Even you could become a world famous blogger. The lightweight blogging platform Ghost and a Raspberry Pi is all it takes.
The Raspberry Pi Report
I’ve read that a fun and easy thing to do with a Raspberry Pi is to set it up as a dedicated blog server. I’ve never really had my own blog, so I decided I would give this project a shot. I hope that this article serves as a guide for those of you who would like to start a blog or who have a Raspberry Pi that’s not doing anything and are looking for a worthy project.
Hardware: I’m using a Raspberry Pi Model 2 B with a 32-bit SanDisk micro SD card. The reason for using the Model 2 B is because I happened to have one that wasn’t currently being used. Also, I wouldn’t need any of the extras, like Wi-Fi. that the Raspberry Pi 3 brings to the table since it will be connected via Ethernet and SSH.
Software: I installed Raspbian Jessie Lite onto the micro SD card to serve as the OS. The blogging software I decided to go with was the free and open source software known as Ghost. Besides being FOSS, Ghost is a good choice because it’s slimmed down and easy to use.
Because I’ve decided to use Ghost, that means I’ll need to also install Node.js since that is what Ghost is built with and is required to run Ghost.
Set up: In my last article, I talked about how to install BlackArch Linux on the Raspberry Pi and I directly linked to two websites that had great instructions. During my research for this article, I went through many different websites with conflicting install instructions and also found some instructions that lead to errors. After a few rounds of correcting errors and reinstalls, I came up with a set of install steps that I hope helps any readers with their first time Ghost installs or can help those who have attempted to install the platform before on the Raspberry Pi, but ran into problems.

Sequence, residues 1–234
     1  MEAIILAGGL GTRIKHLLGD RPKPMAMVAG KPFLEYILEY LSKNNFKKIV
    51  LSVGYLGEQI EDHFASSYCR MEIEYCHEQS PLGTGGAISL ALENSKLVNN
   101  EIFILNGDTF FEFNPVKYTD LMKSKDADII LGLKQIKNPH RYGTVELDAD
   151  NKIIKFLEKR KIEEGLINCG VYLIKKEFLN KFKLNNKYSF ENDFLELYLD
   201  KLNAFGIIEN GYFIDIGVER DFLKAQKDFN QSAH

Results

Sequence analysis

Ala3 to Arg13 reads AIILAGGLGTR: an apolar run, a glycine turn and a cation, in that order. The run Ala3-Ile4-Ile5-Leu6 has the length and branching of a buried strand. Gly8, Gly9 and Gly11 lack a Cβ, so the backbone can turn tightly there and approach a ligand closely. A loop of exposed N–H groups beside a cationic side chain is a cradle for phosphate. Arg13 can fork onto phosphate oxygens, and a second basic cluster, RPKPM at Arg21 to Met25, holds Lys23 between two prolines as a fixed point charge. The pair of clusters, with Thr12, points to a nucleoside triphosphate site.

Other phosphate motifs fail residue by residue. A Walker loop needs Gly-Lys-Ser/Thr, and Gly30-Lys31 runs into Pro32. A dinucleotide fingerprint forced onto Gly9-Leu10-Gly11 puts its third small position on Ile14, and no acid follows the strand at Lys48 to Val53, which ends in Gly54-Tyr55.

One of the biggest problems is that Ghost does not support the latest Node.js version, which is what every website will instruct you to install if you search for “how to install node.js on the raspberry pi.” This is because Ghost is following Node’s long term support plan and currently only supports Node versions 0.10.x, 0.12.x, and 4.2+. You can actually run Ghost on any version of Node.js by disabling the version check, but don’t plan on getting any support from the platform’s developers for problems that you may run into.
- Since we are using Raspbian, update the Debian package repository to include the version of node.js that we are wanting to use.
curl -sL https://deb.nodesource.com/setup_4.x | sudo -E bash -
- Install node.js.
sudo apt install -y nodejs
- Verify node.js was installed.
- Download Ghost.
- Unzip Ghost download.
- Change to the Ghost directory.
- Use npm to install only the dependencies necessary for production.
sudo npm install –production
- Make a copy of the “config-example.js” file and rename it to “config.js”
cp config-example.js config.js
- Within config.js there is a “Production” section, and within “Production” there is a small block of code labeled “server” that contains “host” and “port” info. Change the host to be IP of your Raspberry Pi and port to 80.
- Start Ghost.
npm start –production
- Access your new blog.
http://(ip address you entered for host in Step 9)/ghost
Hope these steps help you setup Ghost on your Raspberry Pi and get that blog you’ve been wanting to create up and running. If you run into any problems, leave me a comment and I’ll help you work through them. In future articles, I’ll talk about hardening our new blog server and how best to setup Ghost and the Raspberry Pi to make blogging easy.